The Price of Trust
On Friday, the Kaiser Health Network (KHN) unveiled “Pre$cription for Power,” a database of 12,000 donations from large pharmaceutical companies to US patient advocacy groups. KHN has done everyone a favor by making this information easily accessible. In addition, it has reminded us of the importance of disclosure at a time when confidence in the drug industry is at an all-time low. On the other hand, by stating that companies only support patient groups to buy their influence in Washington, KHN misses the boat.
Pharmaceutical companies and patient organizations find common ground in advancing disease awareness, education, research and development, and support. They work hard to prevent favoritism or promotion. Collaborations are vital to meeting patients and families’ needs. Unfortunately, there are inevitably companies and patient groups which poison the well and everyone suffers as a result. All responsible community members must ensure the conversation doesn’t focus on the bad behavior of these outliers.
Our experience is that patient groups strive to remain neutral, credible sources of information. Everyone benefits when patient groups educate, support and advance their constituents’ needs. We agree that patient organizations should not be in the business of lobbying for manufacturers; their core mission is compromised when they do. Because this issue is so important, we advocate for three ways of confronting this challenge before Congress mandates action:
First, disclosure. By disclosing their contributions, 14 of 20 drug companies in the S&P 500 found in the database help clear away suspicion about ulterior motives. We support our KHN colleagues’ call on the six remaining companies to make their data public now. Sunshine is inevitably the best medicine.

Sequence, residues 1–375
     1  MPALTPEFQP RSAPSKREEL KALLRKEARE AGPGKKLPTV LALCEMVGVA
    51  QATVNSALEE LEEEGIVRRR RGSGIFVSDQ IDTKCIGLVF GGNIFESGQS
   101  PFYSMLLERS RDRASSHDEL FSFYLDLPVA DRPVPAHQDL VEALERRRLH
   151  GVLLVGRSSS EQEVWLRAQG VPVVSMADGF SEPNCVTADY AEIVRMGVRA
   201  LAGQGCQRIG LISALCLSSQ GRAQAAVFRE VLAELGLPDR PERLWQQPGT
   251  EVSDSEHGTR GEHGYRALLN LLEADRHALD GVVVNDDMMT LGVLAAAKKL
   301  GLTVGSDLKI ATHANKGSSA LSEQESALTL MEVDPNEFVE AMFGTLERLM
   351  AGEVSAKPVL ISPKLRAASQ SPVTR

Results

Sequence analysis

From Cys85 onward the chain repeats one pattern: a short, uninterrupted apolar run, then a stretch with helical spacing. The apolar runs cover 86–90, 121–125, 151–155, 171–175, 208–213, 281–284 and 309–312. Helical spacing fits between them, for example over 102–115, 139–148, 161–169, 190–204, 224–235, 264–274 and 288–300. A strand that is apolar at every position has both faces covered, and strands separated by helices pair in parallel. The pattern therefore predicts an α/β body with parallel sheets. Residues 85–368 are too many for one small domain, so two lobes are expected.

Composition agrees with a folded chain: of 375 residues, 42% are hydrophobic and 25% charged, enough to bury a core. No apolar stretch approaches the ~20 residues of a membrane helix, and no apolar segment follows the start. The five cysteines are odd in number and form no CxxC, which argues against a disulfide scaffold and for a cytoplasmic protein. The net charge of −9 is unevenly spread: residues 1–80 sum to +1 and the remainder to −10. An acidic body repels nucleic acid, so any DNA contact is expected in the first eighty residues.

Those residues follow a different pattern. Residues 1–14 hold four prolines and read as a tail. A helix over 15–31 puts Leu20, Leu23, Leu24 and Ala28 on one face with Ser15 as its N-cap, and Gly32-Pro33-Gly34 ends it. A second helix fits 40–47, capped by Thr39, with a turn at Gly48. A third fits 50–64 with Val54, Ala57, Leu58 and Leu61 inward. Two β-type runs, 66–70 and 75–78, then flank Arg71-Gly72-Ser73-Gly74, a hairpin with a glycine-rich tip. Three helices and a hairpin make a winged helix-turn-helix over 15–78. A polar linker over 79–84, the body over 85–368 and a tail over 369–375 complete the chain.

Next, company policies that respect independence. Smart industry partners know that preserving the integrity of patient groups is paramount. They never attempt to compromise partners’ independence. Smart companies also know the importance of boundaries on grants and contracts. They have policies in place that state when, how and to what level cash and in-kind contributions are appropriate. They answer sensitive questions like: “What percentage of a group’s budget can be funded?” or “How long should we support an organization with few if any other donors?” These policies and practices protect the company and motivate patient groups to work harder for a diverse funding base.
The third step is for every patient organization to have a board-approved policy on industry relations and support. The groups are the best guardians of their reputations. The National Health Council in the US, Eurordis in Europe, and other leaders offer model policies and practices ready for the taking. Gone are the days when association leaders can say only industry is interested enough to provide financial support. According to Giving USA, the reputable report on charitable giving, in 2017 only five percent of all American generosity came from corporations. Patient groups have a responsibility to attract support from patients, families, foundations, planned giving, and other means. Additionally, patient groups derive more from their ties with industry than direct financial support. MK&A’s STAR reputation report shows that scientific information exchange and sharing of business expertise are examples of how strong relationships provide benefits that for some groups have an even bigger impact.
In the longer term, all community members must remember that the core mission of many patient groups includes some or all of these programs: awareness, education, patient and family support, research and public policy. KHN refers to these groups as “advocates” and then equates advocacy with public policy, all to bolster its claim that companies only partner with patient groups to further their own commercial interests. Policy is only one of many ways patient groups seek to meet the needs of the patients they serve.
Patient groups that lobby to the extent permissible under IRS regulations or shape policy in other ways have a responsibility to keep their constituents’ needs at the forefront, even when they diverge from industry. In fact, patient advocacy sometimes means challenging industry, providers, and payers. Responsible and respected companies accept that patient groups may disagree with their policy platforms. A healthy dialogue, including open discussion about areas of disagreement, combined with full disclosure and appropriate policies and practices may prevent more regulation.
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